Author: Ann Grodzins Gold
Bhoju Ram Gujar/
Compilor: Ann Grodzins Gold and Bhoju Ram Gujar
Publisher: Oxford University Press
ISBN/UPC (if available): 0195661974
The book showcases peasants’ memories of everyday life in North India under royal rule and their musings on the unprecedented shifts that a half-century of Indian independence has wrought. The volume will interest researchers and students of environment and ecology, economists, sociologists, anthropologists, and historians.
It is an oral history of the former Kingdom of Sawar in the modern state of Rajasthan as it was from the 1930s to the 1950s.
Based on testimonies from the rural community, this polyvocal account of the region’s radical political and environmental changes is not just the story of modernity. The interviews and author commentaries narrated the tale of sudden transformation from subjection to a local despot and to remote colonial power, to citizenship in a modern postcolonial democracy.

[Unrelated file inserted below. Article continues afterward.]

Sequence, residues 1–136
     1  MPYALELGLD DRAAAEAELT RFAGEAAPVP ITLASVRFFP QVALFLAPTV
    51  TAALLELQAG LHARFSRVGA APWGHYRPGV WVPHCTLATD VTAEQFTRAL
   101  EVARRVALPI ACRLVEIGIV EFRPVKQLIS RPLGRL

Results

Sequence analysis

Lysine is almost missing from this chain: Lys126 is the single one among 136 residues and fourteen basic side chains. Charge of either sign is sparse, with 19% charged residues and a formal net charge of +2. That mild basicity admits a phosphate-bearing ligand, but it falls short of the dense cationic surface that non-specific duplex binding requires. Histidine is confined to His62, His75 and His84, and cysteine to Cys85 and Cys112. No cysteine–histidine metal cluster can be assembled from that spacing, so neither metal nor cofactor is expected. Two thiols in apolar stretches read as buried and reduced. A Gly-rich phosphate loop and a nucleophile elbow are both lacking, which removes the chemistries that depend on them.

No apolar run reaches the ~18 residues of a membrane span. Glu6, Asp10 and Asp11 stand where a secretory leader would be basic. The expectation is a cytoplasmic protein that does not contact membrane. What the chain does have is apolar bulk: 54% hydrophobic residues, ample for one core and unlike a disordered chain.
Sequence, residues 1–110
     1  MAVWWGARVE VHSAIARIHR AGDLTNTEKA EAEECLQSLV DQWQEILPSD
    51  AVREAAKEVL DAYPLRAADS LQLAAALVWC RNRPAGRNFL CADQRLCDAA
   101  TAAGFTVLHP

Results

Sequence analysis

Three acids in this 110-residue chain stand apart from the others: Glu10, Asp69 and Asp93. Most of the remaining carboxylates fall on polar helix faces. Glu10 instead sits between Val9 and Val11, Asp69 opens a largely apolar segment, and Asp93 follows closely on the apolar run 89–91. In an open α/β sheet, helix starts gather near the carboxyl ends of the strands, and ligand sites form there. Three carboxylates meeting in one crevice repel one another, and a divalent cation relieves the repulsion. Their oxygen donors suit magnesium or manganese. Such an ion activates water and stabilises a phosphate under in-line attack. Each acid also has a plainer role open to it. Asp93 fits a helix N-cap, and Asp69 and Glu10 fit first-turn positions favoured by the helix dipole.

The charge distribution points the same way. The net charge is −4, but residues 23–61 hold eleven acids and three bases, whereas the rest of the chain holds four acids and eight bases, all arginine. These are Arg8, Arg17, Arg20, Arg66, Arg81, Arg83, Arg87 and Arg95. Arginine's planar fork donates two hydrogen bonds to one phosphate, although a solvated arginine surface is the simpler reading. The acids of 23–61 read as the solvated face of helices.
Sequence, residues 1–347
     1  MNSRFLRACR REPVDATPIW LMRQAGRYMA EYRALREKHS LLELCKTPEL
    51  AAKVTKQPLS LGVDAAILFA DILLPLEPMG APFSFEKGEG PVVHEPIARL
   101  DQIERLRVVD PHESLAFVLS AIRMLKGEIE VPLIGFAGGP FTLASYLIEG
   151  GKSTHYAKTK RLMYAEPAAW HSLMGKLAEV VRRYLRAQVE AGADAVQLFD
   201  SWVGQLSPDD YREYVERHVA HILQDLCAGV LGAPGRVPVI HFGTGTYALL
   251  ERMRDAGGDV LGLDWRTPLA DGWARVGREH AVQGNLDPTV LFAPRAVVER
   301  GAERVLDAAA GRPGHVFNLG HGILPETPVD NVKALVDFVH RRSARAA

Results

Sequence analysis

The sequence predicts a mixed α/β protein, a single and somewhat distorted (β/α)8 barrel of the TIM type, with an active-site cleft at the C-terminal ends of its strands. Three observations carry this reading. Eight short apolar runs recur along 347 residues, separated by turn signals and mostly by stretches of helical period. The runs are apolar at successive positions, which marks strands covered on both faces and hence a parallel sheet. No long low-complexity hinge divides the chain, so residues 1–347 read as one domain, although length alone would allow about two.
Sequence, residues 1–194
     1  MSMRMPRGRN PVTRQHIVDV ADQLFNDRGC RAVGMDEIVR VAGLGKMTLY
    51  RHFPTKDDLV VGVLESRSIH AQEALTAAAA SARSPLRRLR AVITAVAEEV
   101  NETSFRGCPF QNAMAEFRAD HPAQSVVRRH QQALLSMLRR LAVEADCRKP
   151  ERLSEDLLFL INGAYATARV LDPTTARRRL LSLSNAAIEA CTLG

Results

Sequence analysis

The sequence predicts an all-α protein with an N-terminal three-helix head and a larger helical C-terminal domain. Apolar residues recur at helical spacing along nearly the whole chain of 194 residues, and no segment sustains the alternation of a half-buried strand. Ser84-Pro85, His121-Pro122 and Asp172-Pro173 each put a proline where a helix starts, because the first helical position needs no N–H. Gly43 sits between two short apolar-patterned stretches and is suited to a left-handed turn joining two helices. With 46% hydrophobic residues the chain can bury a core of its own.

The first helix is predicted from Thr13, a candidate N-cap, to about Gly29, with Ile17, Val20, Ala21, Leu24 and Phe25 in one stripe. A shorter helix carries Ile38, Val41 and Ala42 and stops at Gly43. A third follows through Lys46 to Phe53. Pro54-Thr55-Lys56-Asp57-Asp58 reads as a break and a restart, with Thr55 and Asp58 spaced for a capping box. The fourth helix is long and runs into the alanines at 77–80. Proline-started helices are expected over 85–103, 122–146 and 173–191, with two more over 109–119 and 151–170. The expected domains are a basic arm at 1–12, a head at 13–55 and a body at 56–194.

Unlike other recent studies of Rajasthan, the current study gives voice exclusively to former subjects who endured the double oppression of colonial and regional rulers. Gold and Gujar thus place subjective subaltern experiences of daily routines, manifestations of power relations, and sweeping changes to the environment (after the fall of kings) that turned lush forests into a barren landscape on equal footing with historical fact and archival sources.
Ambiguous, complex, and culturally laden as it is in western thought, the concept of nature is queried in this ethnographic text.